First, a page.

If “perfect” be the enemy of the “good,” then look no further for proof than in Federal Power Act section 217(b)(4), enacted by Congress in last year’s landmark energy bill, EPACT 2005.
That section, as many see it, would grant a virtual long-term immunity against liability for transmission congestion costs—a “perfect hedge,” if you will—to any electric utility that retains the traditional obligation to serve native load (a load-serving entity, or LSE), even if that utility operates within the footprint of a regional transmission organization (RTO), and even if the RTO essentially has adopted a day-ahead spot market for wholesale power, complete with locational marginal pricing (LMP) and financial transmission rights (FTRs).
Before RTOs, the utility seeking base-load generating capacity simply would build its own power plant and transmission lines, or sign a long-term supply contract with a plant owner and buy or reserve enough transmission service to ensure physical delivery. Congestion? Not a factor, except for the occasional line outage or blackout. The power flows, or it doesn’t.
Fast-forward to today’s financial world. The LSE as RTO customer gains access to all manner of cheap power supplies—a cornucopia of supply options—but to purchase any actual quantity for delivery to consumers it must “buy through” any congestion it encounters, as measured in the difference between the price of power at the source and sink.
FTRs offer a financial hedge against congestion risk, of course, but no more, since the typical RTO rarely will guarantee the sufficiency of FTR payments through what is called “full funding.”
Even if the LSE owns its power plant and chooses to “self-schedule” the unit through the RTO’s dispatch process, the LSE in effect “sells” the plant output to itself at the wholesale price that prevails at the point of injection into the grid (the “nodal” price), and then “buys” back the output at point of withdrawal from the grid and delivery into its local distribution network, again at the prevailing local price. In each case, the nodal price reflects the opportunity cost of alternative power available at the given location.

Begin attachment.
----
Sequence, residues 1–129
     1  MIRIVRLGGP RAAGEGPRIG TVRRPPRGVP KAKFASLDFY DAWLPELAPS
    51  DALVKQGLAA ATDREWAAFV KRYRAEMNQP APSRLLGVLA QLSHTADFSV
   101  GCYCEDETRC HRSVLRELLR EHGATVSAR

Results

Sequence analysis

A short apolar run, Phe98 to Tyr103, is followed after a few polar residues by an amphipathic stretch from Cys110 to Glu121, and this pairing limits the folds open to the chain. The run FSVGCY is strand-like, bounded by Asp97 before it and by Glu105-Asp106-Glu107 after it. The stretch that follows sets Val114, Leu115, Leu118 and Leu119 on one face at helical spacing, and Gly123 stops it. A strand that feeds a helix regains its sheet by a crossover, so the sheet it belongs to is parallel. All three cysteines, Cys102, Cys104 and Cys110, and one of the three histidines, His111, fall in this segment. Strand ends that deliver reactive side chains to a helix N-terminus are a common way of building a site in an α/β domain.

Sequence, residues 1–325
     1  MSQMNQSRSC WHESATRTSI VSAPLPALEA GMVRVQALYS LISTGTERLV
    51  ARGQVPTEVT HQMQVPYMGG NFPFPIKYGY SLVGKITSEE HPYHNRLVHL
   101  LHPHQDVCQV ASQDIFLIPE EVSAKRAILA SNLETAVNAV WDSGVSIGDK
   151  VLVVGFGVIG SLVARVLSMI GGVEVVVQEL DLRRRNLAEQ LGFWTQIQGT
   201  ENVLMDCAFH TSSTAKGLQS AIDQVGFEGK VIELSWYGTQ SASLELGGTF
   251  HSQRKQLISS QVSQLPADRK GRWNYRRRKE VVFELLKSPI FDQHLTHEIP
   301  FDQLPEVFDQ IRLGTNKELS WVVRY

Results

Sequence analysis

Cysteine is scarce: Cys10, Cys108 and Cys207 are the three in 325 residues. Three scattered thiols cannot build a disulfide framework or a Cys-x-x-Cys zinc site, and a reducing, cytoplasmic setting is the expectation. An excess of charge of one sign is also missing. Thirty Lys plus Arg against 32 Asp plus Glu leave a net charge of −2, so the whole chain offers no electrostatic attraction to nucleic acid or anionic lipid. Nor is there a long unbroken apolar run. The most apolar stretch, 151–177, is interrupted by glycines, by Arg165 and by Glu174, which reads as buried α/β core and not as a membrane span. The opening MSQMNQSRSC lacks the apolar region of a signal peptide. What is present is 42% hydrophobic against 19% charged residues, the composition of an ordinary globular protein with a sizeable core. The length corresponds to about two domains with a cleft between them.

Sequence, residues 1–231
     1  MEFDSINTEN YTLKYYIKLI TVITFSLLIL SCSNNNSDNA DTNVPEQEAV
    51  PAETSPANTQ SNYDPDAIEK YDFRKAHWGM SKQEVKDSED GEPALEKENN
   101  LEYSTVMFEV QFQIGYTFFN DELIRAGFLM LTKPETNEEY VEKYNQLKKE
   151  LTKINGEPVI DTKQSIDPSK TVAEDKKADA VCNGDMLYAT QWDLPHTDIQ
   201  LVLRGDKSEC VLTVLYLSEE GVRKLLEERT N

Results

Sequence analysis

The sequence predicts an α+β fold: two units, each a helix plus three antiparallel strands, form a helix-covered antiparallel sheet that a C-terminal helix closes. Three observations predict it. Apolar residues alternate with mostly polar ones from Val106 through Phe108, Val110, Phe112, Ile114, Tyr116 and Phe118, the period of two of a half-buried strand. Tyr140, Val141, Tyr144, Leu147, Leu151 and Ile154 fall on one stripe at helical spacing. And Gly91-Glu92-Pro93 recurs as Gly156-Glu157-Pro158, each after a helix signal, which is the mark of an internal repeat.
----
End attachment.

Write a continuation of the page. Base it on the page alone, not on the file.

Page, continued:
Under this RTO market regime, a utility might pay $1 billion to construct a 600-MW coal-fired generating plant, with running costs of about $20 per megawatt-hour (or pay dearly for that capacity over a long-term supply contract), but then end up “buying” the output on behalf of its native load at $80/MWh—the approximate running cost of a gas-fired peaking turbine that would cost a third as much to construct. The extra payment represents congestion—the premium required for moving power in the same direction as everyone else (sparsely populated producing area to the densely populated consuming area).
Attorneys Robert McDiarmid and Cynthia Bogorad (Spiegel & McDiarmid), representing the Transmission Access Policy Study Group (TAPS), an informal association of transmission-dependent utilities (TDUs) in more than 30 states that comprises mostly municipal utilities and other public power entities, argue (as many others have) that this required payment of congestion costs thwarts best efforts at power-plant development:
“The high installed cost of base-load coal generation,” they say, “cannot be justified if, as a result of congestion, the LSE is likely to pay gas-based LMPs for the energy produced.”
According to testimony from Thomas W. Ingwers, director of energy trading and contracts for the Sacramento Municipal Utility District (SMUD), RTO market regimes built on nodal LMPs and FTR congestion hedges threaten to create a new version of “stranded investment” in utility-owned generation located far from load because of the steep energy price differentials seen between producing and consuming areas.
In SMUD’s case, notes Ingwers, the absence of any long-term firm rights in transmission service may prove “a serious obstacle” to the utility’s planned Solano Wind Project, a 205-MW development to be located within the control area of the California Independent System Operator (Cal-ISO).